EU calls for anti-terror alliance with Arab countries after deadly attacks, raids in Europe

The European Union on Monday called for an anti-terror alliance with Arab countries to boost cooperation and information-sharing in the wake of deadly attacks and arrests across Europe.

EU foreign policy chief Federica Mogherini said the 28-nation bloc plans to deploy security attaches with certain delegations to promote better anti-terror contacts with authorities in countries in the Middle East, the Gulf and North Africa.

The EU also wants to help certain countries build the capacity to combat terrorism and improve inter-cultural understanding with Muslims, in part by developing Arabic language skills.

"We need an alliance. We need to strengthen our way of cooperating together," Mogherini told reporters as the bloc's foreign ministers met Brussels.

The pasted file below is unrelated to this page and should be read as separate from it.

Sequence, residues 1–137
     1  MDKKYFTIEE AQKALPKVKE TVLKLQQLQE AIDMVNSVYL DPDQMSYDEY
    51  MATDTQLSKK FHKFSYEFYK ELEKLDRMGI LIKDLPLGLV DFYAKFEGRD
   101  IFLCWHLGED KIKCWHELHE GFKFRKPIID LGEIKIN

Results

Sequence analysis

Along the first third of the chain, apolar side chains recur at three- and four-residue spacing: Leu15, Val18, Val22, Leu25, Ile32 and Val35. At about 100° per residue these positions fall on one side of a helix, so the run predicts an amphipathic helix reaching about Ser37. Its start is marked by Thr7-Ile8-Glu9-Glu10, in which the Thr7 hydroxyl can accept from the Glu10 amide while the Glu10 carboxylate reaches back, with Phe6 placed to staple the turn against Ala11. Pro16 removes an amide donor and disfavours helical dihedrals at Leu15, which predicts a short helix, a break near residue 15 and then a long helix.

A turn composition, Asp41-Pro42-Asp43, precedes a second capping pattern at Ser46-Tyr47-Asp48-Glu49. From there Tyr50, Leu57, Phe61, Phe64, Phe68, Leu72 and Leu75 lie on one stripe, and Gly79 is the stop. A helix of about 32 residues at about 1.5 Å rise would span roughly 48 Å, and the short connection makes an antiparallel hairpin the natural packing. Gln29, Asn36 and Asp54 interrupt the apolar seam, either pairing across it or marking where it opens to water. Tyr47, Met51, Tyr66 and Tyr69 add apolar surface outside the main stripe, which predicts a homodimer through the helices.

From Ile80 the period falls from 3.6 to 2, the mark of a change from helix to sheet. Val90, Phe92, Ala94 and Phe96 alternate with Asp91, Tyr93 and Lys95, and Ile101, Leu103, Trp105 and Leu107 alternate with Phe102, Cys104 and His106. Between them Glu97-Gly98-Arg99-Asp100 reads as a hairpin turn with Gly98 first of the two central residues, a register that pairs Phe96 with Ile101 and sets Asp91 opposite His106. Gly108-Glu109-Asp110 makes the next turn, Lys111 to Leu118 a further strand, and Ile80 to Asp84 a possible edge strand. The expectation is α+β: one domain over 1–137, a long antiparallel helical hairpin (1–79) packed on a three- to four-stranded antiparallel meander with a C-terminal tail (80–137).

Some ministers emphasized the importance of working with Muslim countries, rather than blaming them for the problem of foreign fighters.

Muslim nations "will continue to be in the front line, and we have to work closely with them to protect both those countries and the European Union countries," British Foreign Secretary Philip Hammond said.

Mogherini and some ministers also urged the European parliament to move forward on sharing airline passenger information between EU countries.

Belgian Foreign Minister Didier Reynders said the police raids in his country last week to break up a suspected network of foreign fighters demonstrated that information-sharing is the key to success.

"We have to exchange information in Europe and outside Europe to really follow what is going on and to prevent any acts that could be launched on our territory," he said.

Belgium deployed the military over the weekend to guard public buildings. As the ministers met, soldiers walked the perimeter of the European Council building.

Many ministers said the real answer is to help end the conflicts in Syria and Iraq.

"That is what, long-term, will provide stability and security in this region and address the root causes of terrorism and radicalization," said Swedish Foreign Minister Margot Wallstroem.